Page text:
Fixing the ‘unsolved problem shortage’ that holds back potential startup founders
Shortages of easily-tackled unsolved problems are a first world problem: elsewhere, countless established ‘solutions’ are just unaffordable, each one a gift to any problem-seeking would-be entrepreneur
If you want to become a legend in startup innovation, you need a really juicy problem to work on, but the depressing truth you soon discover is that the best ones have all been cracked. It turns out that just about every one of those problems still desperately needs solving for billions of people in ‘underserved markets’ all crying out for you to come up with something they can afford and deploy in ‘adverse environments': it’s called Frugal Innovation.
You won’t find anywhere more ‘first world’ than Silicon Valley, but at Santa Clara University they’re finding that there’s an abundance of ‘low hanging fruit’ in terms of pressing, often life-threatening problems which prove to be easily fixed using solutions which, although they’re way too primitive for our high-tech lifestyle, can completely transform the lives of those who live in places where almost every comfort we take for granted has, until now been an unattainable dream. It’s all about finding ingeniously cheap solutions to problems that we have already (expensively) solved.
The secret to becoming a successful ‘frugal innovation guru’ is not so much about putting together successful solutions, it’s more about finding suitable ‘frugality demanding’ problems.
It’s not a hard job in the sense of suitable ‘frugally unsolved’ problems being ‘thin on the ground’ (because they aren’t) or even being difficult to track down (because they exist just about everywhere except in the first world).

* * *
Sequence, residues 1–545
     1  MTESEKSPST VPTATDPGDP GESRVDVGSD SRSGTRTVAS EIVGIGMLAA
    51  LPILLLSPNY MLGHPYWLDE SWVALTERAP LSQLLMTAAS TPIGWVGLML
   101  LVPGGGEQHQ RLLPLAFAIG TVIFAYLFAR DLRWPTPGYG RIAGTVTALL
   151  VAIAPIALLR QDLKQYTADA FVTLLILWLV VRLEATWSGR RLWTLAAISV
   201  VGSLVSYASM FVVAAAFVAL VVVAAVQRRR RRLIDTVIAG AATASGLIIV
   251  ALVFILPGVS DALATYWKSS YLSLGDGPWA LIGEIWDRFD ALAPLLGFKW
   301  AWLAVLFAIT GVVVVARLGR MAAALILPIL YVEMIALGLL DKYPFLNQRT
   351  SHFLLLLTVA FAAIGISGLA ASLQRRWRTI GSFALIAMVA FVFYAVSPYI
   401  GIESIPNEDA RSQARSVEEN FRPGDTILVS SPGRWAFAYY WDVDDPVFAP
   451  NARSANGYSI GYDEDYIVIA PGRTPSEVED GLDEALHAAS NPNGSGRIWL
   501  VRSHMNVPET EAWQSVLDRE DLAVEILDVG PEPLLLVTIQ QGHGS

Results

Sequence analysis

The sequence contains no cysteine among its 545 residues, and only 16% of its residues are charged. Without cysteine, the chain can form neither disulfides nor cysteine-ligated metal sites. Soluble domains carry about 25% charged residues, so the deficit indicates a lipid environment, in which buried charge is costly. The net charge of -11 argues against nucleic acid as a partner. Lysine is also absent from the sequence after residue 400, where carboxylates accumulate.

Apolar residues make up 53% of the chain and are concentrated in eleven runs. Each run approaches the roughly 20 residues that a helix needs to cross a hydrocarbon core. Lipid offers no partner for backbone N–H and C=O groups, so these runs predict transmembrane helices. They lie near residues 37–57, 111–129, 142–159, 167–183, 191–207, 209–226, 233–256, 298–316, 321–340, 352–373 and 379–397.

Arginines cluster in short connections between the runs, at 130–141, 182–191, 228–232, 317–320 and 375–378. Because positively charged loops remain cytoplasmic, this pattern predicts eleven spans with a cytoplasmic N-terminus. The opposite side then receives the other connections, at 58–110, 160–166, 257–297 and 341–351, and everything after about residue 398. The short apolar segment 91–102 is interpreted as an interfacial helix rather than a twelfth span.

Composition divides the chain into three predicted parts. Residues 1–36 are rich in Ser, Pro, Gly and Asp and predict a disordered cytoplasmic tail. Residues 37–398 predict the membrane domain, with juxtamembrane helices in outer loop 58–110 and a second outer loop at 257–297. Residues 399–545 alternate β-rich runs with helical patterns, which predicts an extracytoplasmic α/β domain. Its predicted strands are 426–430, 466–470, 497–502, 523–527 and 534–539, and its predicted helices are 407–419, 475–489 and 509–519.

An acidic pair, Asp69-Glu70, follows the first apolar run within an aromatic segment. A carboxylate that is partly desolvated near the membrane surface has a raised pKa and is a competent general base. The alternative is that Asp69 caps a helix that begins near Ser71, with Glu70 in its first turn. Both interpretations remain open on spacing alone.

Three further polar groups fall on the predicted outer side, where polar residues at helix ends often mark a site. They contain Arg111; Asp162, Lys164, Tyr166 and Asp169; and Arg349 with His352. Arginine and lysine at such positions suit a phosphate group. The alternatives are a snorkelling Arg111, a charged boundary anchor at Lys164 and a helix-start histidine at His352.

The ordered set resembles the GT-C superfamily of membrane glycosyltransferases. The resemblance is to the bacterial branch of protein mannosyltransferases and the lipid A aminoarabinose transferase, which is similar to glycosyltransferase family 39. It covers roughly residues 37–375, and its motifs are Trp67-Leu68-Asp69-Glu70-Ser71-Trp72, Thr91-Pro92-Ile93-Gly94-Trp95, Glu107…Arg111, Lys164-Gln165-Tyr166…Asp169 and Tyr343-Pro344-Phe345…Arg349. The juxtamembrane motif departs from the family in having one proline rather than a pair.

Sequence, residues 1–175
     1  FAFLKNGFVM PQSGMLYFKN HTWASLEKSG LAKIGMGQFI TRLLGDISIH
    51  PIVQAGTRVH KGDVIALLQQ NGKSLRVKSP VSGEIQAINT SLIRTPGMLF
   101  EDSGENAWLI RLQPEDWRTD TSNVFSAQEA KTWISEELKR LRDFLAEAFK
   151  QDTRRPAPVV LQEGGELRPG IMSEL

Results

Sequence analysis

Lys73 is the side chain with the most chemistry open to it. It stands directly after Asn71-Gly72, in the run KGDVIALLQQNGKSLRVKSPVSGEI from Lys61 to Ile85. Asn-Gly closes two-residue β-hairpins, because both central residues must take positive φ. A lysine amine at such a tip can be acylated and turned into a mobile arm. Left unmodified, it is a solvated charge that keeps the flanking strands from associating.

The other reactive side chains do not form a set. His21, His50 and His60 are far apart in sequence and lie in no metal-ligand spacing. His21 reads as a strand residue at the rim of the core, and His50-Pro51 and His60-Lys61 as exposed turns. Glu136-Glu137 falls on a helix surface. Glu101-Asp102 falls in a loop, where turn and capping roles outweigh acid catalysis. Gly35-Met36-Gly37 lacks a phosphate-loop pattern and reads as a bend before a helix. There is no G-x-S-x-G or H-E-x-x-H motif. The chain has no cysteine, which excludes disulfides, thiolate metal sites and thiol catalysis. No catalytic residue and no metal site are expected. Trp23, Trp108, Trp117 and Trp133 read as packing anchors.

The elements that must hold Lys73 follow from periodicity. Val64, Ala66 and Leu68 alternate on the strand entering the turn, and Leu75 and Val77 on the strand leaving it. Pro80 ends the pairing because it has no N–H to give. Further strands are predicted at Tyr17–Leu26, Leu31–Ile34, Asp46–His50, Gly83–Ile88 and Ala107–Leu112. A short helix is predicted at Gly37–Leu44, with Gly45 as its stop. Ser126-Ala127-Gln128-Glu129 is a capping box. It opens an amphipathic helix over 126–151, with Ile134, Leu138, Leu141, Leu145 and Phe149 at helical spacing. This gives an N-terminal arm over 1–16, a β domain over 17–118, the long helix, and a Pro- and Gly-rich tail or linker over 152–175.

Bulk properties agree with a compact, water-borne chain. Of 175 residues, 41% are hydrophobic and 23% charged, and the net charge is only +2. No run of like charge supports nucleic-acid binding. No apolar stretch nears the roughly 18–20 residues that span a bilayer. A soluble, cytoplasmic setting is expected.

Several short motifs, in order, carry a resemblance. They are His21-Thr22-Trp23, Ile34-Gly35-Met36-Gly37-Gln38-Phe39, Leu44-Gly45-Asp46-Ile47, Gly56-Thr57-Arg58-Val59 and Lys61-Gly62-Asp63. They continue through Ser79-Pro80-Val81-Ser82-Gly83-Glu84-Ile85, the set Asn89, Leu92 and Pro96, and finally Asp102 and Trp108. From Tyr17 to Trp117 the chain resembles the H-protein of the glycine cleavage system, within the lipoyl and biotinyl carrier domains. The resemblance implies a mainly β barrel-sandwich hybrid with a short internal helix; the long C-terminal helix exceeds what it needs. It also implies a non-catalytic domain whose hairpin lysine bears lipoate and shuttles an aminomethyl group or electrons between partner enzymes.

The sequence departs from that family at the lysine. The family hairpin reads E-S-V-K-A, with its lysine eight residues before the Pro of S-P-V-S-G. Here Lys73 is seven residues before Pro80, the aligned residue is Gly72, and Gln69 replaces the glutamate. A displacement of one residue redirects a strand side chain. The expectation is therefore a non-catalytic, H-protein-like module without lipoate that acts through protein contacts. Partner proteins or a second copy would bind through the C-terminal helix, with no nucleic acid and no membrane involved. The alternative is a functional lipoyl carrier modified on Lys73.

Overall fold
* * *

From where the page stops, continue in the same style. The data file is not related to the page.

No, the hard bit is ‘getting out there’ and doing the necessary ‘innovation requirement anthropology’ (i.e., seeing the problems ‘at first hand’).
You’re going to need to get out of your cosy first-world startup co-working hub and make an excursion to somewhere that has problems that nobody (or at least, nobody with your own particular (almost certainly unique) problem-solving perspective) is tackling in a ‘locally appropriate way’.
Don’t worry, most of this world is still largely unexplored territory, in terms of innovation expeditions.
You’re quite possibly going to need help with the local language, but guess what, there are probably some local startups in the area you’re considering visiting that you can easily track down online, and they will almost certainly speak a mutually intelligible dialect of that international innovation lingua-franca, AngloAmeriGeek.
When you explain that you are interested in visiting and why, they will almost certainly be only too pleased to offer to meet you when you arrive and show you around.
They may even offer to do do a bit of interpreting for you (it’s a good idea to remember to amply reciprocate or repay any such generosity) when you take a tour of local industry and commerce in order gain insight into local problems.